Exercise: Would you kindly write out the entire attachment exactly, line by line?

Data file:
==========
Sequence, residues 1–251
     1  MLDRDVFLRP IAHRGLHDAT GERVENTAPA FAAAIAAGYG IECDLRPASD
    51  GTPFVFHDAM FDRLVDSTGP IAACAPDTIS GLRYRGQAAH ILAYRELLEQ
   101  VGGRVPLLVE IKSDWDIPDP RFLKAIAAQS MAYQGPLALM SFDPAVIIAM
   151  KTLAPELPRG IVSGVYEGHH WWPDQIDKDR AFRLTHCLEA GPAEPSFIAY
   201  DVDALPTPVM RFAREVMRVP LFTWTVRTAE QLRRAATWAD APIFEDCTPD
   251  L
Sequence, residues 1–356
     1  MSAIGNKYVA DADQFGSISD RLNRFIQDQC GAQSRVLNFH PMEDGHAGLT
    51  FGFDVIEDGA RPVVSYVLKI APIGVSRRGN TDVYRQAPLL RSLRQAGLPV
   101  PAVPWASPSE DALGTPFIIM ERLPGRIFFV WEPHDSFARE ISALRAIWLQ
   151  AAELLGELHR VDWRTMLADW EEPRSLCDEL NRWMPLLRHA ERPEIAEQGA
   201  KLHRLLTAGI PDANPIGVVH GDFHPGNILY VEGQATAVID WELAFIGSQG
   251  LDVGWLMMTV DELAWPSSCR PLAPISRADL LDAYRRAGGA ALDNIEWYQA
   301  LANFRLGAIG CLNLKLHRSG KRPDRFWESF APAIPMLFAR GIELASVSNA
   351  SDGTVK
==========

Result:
Sequence, residues 1–251
     1  MLDRDVFLRP IAHRGLHDAT GERVENTAPA FAAAIAAGYG IECDLRPASD
    51  GTPFVFHDAM FDRLVDSTGP IAACAPDTIS GLRYRGQAAH ILAYRELLEQ
   101  VGGRVPLLVE IKSDWDIPDP RFLKAIAAQS MAYQGPLALM SFDPAVIIAM
   151  KTLAPELPRG IVSGVYEGHH WWPDQIDKDR AFRLTHCLEA GPAEPSFIAY
   201  DVDALPTPVM RFAREVMRVP LFTWTVRTAE QLRRAATWAD APIFEDCTPD
   251  L
Sequence, residues 1–356
     1  MSAIGNKYVA DADQFGSISD RLNRFIQDQC GAQSRVLNFH PMEDGHAGLT
    51  FGFDVIEDGA RPVVSYVLKI APIGVSRRGN TDVYRQAPLL RSLRQAGLPV
   101  PAVPWASPSE DALGTPFIIM ERLPGRIFFV WEPHDSFARE ISALRAIWLQ
   151  AAELLGELHR VDWRTMLADW EEPRSLCDEL NRWMPLLRHA ERPEIAEQGA
   201  KLHRLLTAGI PDANPIGVVH GDFHPGNILY VEGQATAVID WELAFIGSQG
   251  LDVGWLMMTV DELAWPSSCR PLAPISRADL LDAYRRAGGA ALDNIEWYQA
   301  LANFRLGAIG CLNLKLHRSG KRPDRFWESF APAIPMLFAR GIELASVSNA
   351  SDGTVK